Mergers Likely To Continue In Behavioral Care
By Lisa Eckelbecker, Worcester Telegram & Gazette May 19, 2013
WORCESTER - Hospitals have merged to create powerful medical systems in Massachusetts, and doctors are doing the same.
As the nation nears the 2014 implementation of health care reform regulations and Massachusetts tries to slow health spending, small organizations that offer mental health and substance abuse treatment to communities are wondering if mergers are coming to their industry.
"We are seeing some of that in some places," said Linda Rosenberg, president and chief executive of the National Council for Community Behavioral Healthcare, who visited Worcester last week to speak to the Association for Behavioral Health. "I think people are having discussions that never had discussions before."
The bigger-is-better trend has been playing out in Massachusetts medicine for years. UMass Memorial Health Care of Worcester dominates in Central Massachusetts, with a system of five hospitals and about 1,700 staff doctors. Reliant Medical Group of Worcester, a large medical group practice, recently affiliated with an alliance of other physicians' groups under the umbrella of Atrius Health, which can use its size to negotiate more effectively with insurers and vendors.
Behavioral health may be on a similar path. Deals and mergers have whittled away at the membership of the Association for Behavioral Healthcare, a Massachusetts trade group for community mental health and substance abuse treatment centers, according to president and chief executive officer Vicker V. DiGravio III. Over six years, he said, membership in the group has dropped to 80 organizations, from 94.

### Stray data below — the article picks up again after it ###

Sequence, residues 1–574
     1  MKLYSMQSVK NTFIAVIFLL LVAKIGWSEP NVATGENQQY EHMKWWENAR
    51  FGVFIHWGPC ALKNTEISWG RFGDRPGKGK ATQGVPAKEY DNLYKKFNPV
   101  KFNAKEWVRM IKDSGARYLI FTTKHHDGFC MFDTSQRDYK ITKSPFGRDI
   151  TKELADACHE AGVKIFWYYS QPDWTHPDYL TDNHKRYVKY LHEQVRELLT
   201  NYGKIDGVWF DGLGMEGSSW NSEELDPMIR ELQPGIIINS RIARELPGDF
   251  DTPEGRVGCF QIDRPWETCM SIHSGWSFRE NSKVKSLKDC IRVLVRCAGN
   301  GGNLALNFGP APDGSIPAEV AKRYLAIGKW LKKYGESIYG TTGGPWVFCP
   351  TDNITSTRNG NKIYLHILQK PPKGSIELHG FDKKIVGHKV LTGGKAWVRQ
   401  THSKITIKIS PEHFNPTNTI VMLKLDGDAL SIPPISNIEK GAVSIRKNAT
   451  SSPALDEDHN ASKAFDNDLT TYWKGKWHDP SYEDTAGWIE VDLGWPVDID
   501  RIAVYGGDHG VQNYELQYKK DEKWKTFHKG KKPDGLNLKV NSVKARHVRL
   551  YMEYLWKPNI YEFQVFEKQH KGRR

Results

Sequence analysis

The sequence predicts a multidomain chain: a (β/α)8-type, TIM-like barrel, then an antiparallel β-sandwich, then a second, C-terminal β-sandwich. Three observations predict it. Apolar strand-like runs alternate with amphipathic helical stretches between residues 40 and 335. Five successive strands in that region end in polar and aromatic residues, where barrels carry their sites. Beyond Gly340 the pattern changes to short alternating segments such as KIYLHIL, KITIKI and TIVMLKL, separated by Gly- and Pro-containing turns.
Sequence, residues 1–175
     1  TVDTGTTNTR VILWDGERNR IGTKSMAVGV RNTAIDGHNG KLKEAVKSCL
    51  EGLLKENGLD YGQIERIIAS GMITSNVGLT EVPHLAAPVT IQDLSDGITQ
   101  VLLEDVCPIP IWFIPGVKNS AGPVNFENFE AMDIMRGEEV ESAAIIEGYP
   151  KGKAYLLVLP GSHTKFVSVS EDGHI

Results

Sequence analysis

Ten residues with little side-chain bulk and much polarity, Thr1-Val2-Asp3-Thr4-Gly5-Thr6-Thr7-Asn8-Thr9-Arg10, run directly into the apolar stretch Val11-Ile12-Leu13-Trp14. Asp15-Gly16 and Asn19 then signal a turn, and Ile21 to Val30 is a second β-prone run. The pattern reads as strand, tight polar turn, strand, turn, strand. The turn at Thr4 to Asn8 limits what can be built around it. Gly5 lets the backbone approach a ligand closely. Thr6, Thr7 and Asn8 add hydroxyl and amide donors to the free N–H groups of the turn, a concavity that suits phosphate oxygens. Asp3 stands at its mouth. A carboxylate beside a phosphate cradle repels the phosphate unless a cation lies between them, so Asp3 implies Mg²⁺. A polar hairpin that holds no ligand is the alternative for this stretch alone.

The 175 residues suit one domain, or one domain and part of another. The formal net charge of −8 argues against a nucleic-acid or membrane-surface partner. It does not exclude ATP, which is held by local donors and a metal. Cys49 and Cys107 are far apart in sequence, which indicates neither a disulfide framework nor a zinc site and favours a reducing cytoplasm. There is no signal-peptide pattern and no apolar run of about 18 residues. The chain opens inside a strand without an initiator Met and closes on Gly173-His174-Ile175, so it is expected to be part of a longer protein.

Behavioral health refers to range of mental health and addiction conditions afflicting children and adults. It's a field in which patients have long battled stigma as well as ailments.
A federal mental health and substance abuse survey in 2010-11 estimated 1 million people in Massachusetts had a mental illness in the previous year. The same survey estimated that 125,000 Massachusetts residents had abused or depended on illegal drugs and 447,000 had abused or depended on alcohol.
Most of the money to treat behavioral ailments comes from federal, state and local governments. Private insurance paid about 26 percent of mental health treatment bills in 2009 and just 16 percent of substance abuse treatment bills, according to a 2011 study in the journal Health Affairs.
As federal health care reform proceeds, financial pressures on behavioral health providers are mounting, according to Charles J. Faris, president and chief executive of Worcester-based Spectrum Health Systems Inc., a provider of substance abuse treatment that employs about 1,050 people in eight states.
Like hospitals, Spectrum must start using electronic medical records, an initial $750,000 expense, Mr. Faris said. Yet while federal legislation made money available to help hospitals, he said, none went to behavioral health centers.
Finding efficiencies is challenging, too, he said.
"Most of our work is done one-on-one by people," Mr. Faris said. "We don't have the benefits of robotics in surgery. Could we do some stuff around telemedicine? Maybe."
In an effort to secure more funding, behavioral health industry representatives have successfully lobbied legislators and other elected officials to raise insurance limits and guarantee coverage equal to medical benefits.
Meanwhile, the field has attracted interest from investors with deep pockets. Miami private equity firm H.I.G. Capital owns a national network of community-based mental health and substance abuse treatment programs. In 2011, global investment firm Advent International bought mental health provider The Advent Group of the United Kingdom for about $1.5 billion.
Consulting firm Bain & Co. Inc. forecast last year that behavioral health would remain a popular target for private equity deals.
"In general, investment themes will revolve around market leaders that show potential cost improvements and have a path to consolidation or additional customer up-sell," Bain said in a report.
Still, growing enough to operate at an efficient scale while maintaining the connections of a small organization will remain a key challenge, according to Ms. Rosenberg, head of the National Council for Community Behavioral Healthcare.
"I think what we're struggling with in many cases is staying attached to our local communities," she said. "I think it's tough, and it's going to get tougher."